Thursday, March 27, 2014

Polio free!!! but many "question marks" remain


Congratulations to all 10 countries who passed (India, Nepal, Bangladesh, Maldives, and Sri Lanka are the SAsian nations, also Burma, South Korea, Indonesia, Thailand, and East Timor).

Given India's pathetic condition it was considered to be the last frontier for polio. The fact that the job was done at all is nothing short of a miracle.

However celebrations need to be tempered with caution. Polio has now spread westwards to Syria from Af-Pak (via jihadis who plan to set up a drone-free forward base from which to attack Europe/West), it can just as easily spread eastwards as well.

The symbol for polio eradication is Rukhsar Khatun the last victim who still needs treatment and (as noted below) her "future is still a question mark." 

Not to mention, question marks for millions of Rukhsars living a virtual death sentence as dictated by the merchants of death


She has become the greatest symbol of India's valiant -- and successful -- effort to rid itself of a crippling and potentially deadly disease. Rukhsar, 4, is the final documented case of polio in India.

Her face has appeared in newspapers and on television. She's been invited to national events by Rotary International, the organization that led the effort to rid India of polio. She is a literal poster child, an inspiration, a symbol of a feat that no doctor or health official thought possible even a few years ago.

Apart from the publicity, though, Rukhsar's life has hardly changed, her future still a question mark.

She is used to seeing health officials and reporters arrive on foot at her home in Shahpara, a village in the Indian state of West Bengal. On the day we visited, she dressed herself in a long green printed dress, marred only by a tear at the shoulder. She oiled her hair and pulled it back with plastic barrettes. She did it all herself when she learned we were on our way.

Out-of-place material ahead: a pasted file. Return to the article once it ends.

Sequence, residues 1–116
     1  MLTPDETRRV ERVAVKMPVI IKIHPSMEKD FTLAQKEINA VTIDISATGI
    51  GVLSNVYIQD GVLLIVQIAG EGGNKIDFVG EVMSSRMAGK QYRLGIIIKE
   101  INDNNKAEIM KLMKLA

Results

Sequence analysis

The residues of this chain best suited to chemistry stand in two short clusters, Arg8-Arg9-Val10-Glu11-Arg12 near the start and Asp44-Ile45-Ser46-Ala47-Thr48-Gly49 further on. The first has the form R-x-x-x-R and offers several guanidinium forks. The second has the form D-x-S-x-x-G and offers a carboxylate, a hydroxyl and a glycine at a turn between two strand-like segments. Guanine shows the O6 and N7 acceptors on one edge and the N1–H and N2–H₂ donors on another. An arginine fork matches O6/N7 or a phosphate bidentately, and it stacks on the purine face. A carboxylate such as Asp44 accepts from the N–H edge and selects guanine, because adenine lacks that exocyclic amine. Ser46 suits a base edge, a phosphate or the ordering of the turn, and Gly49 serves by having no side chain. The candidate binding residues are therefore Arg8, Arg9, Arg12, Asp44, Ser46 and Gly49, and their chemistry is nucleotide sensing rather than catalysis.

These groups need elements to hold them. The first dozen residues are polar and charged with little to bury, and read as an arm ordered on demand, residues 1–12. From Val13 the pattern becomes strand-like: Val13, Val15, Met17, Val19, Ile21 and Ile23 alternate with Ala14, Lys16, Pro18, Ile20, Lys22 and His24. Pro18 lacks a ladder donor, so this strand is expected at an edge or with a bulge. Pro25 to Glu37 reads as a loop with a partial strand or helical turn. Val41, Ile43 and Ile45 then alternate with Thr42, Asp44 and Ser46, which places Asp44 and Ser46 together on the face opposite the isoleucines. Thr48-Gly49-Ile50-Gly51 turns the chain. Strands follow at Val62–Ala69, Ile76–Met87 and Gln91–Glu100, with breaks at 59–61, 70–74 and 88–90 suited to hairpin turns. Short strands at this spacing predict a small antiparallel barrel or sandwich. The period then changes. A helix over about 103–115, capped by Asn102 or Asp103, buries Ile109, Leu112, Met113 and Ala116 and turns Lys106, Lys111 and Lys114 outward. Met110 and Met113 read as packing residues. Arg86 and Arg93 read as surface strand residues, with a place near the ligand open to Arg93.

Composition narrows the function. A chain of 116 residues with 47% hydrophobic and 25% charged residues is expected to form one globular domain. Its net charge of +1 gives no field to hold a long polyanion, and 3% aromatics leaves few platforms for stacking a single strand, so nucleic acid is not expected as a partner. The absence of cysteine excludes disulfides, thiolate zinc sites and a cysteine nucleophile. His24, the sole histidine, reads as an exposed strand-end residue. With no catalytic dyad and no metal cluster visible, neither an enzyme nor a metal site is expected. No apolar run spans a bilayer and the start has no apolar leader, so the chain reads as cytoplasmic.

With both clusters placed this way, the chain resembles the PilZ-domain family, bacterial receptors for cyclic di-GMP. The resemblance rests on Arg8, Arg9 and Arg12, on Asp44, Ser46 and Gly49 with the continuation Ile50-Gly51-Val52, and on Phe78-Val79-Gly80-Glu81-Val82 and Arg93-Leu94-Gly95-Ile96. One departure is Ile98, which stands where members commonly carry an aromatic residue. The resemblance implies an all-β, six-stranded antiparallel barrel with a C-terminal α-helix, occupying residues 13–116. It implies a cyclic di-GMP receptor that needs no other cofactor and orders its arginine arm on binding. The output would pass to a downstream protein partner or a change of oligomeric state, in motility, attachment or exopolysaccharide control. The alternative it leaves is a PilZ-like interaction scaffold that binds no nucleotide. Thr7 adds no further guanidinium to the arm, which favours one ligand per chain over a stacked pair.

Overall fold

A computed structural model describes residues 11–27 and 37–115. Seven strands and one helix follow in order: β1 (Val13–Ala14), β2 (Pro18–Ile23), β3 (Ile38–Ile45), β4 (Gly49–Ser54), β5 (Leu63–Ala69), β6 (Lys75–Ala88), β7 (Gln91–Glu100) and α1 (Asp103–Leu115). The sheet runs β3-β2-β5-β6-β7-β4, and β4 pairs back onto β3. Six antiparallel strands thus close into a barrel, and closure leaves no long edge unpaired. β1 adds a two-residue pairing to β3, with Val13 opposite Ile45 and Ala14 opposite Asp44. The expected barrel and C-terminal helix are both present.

Her parents, Abdul Shah, 32, and Shobejan Begum, 30, blame themselves for their child's suffering. They had their other children vaccinated, but not Rukhsar. She was a sickly child, in and out of hospital with liver infections and diarrhea. They thought it safer not to subject her to more medication.

It wasn't until little Rukhsar's right foot swelled and twisted in early 2011 that her parents took her to a hospital in nearby Beleghata for tests. She was just 18 months old when doctors confirmed the worst: Rukhsar had polio.

Polio is caused by a virus that attacks the brain and spinal cord cells that move joints and muscles.  
About one-third of those who contract polio in India are left paralyzed -- as was Rukhsar.

"Everything was our fault," explains her father. "I thought she would never walk again."
The World Health Organisation officially certified India and 10 other Asian countries free of polio on Thursday, a milestone lauded as a “momentous victory” over an ancient scourge.

The Southeast Asian region, which includes India but excludes Afghanistan and Pakistan, was certified by a panel of experts after the countries went three years without reporting a single new case.

The WHO said the certification meant 80 per cent of the world's population lived in polio-free regions and was an important step towards global eradication of the crippling disease.

“This is a momentous victory for the millions of health workers who have worked with governments, nongovernmental organisations, civil society and international partners to eradicate polio from the region,” said WHO Southeast Asia regional director Poonam Khetrapal Singh.

The certification is particularly significant in India, home to 1.2 billion people, and which until 2009 still accounted for half of all cases globally.

The certification confirms one of India's biggest public health success stories, accomplishing something once thought impossible, thanks to a massive and sustained vaccination programme. India celebrated the milestone on January 13 – which marked three years since the last reported new case in the country, that of a teenage girl in a slum in the eastern city of Kolkata.

India reported 150,000 cases of paralytic polio in 1985, and 741 new infections that led to paralysis in 2009. In following year, the number of new victims fell to double figures before the last case in January 2011. 

India's poor sanitation, mass internal migration and dilapidated public health system made many experts believe it would be the last country to eradicate the disease, if at all.

The countries certified Thursday were India, Bangladesh, Bhutan, South Korea, Indonesia, Maldives, Myanmar, Nepal, Sri Lanka, Thailand and East Timor.

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